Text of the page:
Two orange cats sit snuggled up together on blue, white, and green striped pillows.

Comprehensive Physical Exam

Early Detection of Problems Leads to Longer Life for Your Pet

A veterinary technician in blue scrubs examines the teeth of a dog by gently lifting his lip.

Comprehensive physical examinations are an important tool in providing a long, quality life for your pet. Pets age 5-7 times faster than humans, can't talk, and often hide early signs of disease. One year represents 5-10% of the pet's life span, whereas one year only represents a very small percentage of the average life of a human. Getting a comprehensive annual physical examination for your pet is like one every 5-7 years for humans.

Since pets can't talk to us, they often are unable to communicate problems before they become a major concern and threat to the pet's well-being. Any hint of abnormalities may bring recommendations for additional laboratory testing to confirm suspicions.

Components of the Comprehensive Physical Exam

What exactly does your veterinarian look at during your pet's exam? Take a look below for more insight into what the doctor is observing about your pet:

Your pet's weight is one of the first things we'll check when you come in to our office, be it for an exam, a vaccine, or even a nail trim. Significant weight gain or loss can be an early warning of disease, so we believe it's extremely important to check your pet's weight at every visit.

Obesity is the most common nutritional problem in pets. Your pet's overall body condition will be evaluated and appropriate recommendations of diet and other nutritional needs will be made.

Temperature, pulse, and respiration are all assessed. Elevation in any of these can be a sign of infection, inflammation, illness or pain. The doctor will also listen to your pet's heart for any murmurs, gallops, or arrhythmias, and the lungs for crackling, wheezing, or signs of congestion.
Ocular disorders such as severe conjunctivitis, cataracts, and glaucoma can sometimes be prevented if detected early enough. Thorough examination of the ear canals can prevent painful ear infections and loss of hearing. The ear canal of pets is anatomically different from humans with the majority of the canal hidden from view with the naked eye. Tumors, grass seeds, excessive wax, and ear mites are commonly found in the lower part of the ear canals.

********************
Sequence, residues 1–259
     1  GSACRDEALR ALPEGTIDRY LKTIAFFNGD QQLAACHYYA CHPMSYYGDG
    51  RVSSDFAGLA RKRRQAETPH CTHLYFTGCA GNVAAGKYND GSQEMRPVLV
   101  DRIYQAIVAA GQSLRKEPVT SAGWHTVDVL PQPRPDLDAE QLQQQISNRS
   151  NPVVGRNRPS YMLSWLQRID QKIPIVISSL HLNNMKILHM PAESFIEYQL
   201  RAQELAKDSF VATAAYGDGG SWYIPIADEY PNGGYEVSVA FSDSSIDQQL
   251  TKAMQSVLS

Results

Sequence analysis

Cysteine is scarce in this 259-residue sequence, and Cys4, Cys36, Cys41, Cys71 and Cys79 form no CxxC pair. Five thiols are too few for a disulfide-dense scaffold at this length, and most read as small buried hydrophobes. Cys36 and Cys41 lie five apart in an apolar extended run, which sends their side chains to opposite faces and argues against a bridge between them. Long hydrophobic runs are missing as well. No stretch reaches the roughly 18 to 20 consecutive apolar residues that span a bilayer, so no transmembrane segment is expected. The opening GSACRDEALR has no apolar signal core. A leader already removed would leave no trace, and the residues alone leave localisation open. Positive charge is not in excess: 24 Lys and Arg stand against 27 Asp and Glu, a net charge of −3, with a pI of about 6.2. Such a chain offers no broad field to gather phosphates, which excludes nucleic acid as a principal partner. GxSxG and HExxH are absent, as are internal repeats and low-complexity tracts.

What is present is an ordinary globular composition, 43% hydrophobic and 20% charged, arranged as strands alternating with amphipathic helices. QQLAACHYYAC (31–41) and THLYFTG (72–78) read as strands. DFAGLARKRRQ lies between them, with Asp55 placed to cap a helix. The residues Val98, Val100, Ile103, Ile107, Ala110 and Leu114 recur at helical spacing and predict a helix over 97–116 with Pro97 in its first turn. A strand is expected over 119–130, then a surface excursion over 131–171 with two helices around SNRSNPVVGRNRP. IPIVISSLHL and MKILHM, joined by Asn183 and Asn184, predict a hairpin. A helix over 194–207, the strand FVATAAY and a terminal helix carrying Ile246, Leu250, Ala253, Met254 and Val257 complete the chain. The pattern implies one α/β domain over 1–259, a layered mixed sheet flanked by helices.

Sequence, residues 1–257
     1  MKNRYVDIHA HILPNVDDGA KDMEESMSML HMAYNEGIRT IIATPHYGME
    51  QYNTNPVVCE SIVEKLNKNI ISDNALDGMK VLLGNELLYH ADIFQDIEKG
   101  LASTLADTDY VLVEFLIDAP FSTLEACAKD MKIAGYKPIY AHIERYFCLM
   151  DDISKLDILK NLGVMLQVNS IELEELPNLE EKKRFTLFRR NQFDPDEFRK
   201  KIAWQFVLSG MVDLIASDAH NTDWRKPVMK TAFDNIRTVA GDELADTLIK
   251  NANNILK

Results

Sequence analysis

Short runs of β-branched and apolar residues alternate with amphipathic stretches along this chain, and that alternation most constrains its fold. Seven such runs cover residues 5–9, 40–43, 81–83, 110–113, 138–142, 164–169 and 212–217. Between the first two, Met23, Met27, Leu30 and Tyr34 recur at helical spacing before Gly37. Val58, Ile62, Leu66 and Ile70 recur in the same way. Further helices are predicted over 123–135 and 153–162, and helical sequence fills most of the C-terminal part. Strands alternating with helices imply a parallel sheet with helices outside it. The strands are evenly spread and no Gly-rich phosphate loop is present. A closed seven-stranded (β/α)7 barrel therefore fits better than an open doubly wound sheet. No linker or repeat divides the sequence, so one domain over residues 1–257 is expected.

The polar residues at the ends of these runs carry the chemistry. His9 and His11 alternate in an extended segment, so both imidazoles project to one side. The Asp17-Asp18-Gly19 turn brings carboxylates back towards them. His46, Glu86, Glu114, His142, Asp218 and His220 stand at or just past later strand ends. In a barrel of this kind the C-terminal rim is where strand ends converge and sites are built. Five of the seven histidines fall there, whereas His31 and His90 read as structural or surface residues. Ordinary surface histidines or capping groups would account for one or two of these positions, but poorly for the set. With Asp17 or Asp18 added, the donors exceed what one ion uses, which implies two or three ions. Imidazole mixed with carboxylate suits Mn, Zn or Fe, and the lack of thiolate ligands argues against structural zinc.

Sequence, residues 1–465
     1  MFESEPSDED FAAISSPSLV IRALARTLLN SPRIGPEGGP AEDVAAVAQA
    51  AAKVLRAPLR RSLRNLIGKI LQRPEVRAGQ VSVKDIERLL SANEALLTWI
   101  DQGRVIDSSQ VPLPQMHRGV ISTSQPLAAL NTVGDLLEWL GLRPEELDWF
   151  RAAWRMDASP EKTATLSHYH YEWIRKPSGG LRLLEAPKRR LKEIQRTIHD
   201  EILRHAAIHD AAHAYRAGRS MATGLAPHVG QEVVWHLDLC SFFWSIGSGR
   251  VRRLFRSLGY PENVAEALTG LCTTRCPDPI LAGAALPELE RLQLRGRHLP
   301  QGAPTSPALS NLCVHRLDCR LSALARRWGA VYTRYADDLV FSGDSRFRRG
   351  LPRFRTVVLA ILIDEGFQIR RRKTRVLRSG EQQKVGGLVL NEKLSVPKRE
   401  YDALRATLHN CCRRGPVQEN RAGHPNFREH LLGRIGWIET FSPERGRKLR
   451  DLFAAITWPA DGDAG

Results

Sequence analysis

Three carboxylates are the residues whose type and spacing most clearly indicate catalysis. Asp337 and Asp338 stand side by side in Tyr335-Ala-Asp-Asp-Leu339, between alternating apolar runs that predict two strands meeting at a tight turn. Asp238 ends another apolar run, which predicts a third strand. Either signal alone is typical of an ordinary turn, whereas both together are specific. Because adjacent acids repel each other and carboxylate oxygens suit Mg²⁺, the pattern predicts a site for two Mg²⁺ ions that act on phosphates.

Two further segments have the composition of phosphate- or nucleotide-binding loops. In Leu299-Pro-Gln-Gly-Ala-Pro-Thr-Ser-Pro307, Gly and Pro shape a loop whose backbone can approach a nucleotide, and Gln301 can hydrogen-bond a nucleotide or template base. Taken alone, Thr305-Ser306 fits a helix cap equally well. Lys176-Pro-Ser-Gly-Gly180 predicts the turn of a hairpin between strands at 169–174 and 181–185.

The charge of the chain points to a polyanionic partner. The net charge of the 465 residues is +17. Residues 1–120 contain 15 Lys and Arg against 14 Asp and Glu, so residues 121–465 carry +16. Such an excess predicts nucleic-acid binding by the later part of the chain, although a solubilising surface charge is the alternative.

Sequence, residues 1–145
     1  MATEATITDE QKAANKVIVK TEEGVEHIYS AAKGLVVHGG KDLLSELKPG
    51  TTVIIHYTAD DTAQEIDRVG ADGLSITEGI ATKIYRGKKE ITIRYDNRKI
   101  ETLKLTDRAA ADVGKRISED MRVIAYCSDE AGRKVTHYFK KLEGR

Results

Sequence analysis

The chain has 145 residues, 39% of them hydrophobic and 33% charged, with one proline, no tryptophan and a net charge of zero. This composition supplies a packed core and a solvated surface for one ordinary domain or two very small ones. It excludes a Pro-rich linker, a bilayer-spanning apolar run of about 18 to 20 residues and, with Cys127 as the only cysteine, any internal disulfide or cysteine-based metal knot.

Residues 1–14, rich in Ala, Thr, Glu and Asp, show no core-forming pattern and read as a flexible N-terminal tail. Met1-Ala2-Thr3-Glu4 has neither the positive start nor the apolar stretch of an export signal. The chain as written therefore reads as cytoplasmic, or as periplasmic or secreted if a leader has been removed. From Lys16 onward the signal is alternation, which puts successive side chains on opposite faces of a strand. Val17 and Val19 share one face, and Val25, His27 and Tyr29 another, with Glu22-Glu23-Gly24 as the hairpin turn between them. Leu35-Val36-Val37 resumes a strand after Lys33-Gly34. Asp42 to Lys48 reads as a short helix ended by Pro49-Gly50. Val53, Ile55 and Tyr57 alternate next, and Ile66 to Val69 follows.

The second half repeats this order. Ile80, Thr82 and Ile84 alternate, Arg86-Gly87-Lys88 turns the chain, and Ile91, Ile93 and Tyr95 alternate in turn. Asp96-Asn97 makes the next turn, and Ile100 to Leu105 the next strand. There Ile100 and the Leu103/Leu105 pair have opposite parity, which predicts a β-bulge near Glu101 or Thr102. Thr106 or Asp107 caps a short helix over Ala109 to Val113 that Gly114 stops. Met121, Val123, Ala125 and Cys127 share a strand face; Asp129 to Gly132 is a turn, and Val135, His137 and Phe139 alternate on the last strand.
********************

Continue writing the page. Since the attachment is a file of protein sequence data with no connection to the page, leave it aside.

Dull, dry, brittle hair, cessation of grooming (in cats), and hair loss can all indicate an underlying illness. Flea infestations can lead to serious diseases such as anemia. The doctor will observe your pet's coat for any of these changes. She will also fully palpate your pet from nose to tail to check for any abnormalities in the skin, muscles, or joints. Tumors, skin tags, warts, joint problems such as swelling or pain, and your pet's strength and gait will all be noted and recommendations will be made accordingly.

Taking care of your pet's mouth is one of the most often overlooked, but extremely important, parts of their overall care. Regular dental care can help add up to 5 quality years onto your pet's life, not to mention making those kisses a lot sweeter!

The doctor will examine your pet's teeth, gums, palate, and tongue to evaluate dental and oral health. She will observe the amount of tarter on the teeth, grade the progression of periodontal disease, as well as look for any abnormalities such as oral tumors or resorptive lesions. For more information on oral care, please visit our dental page here: Pet Dental Health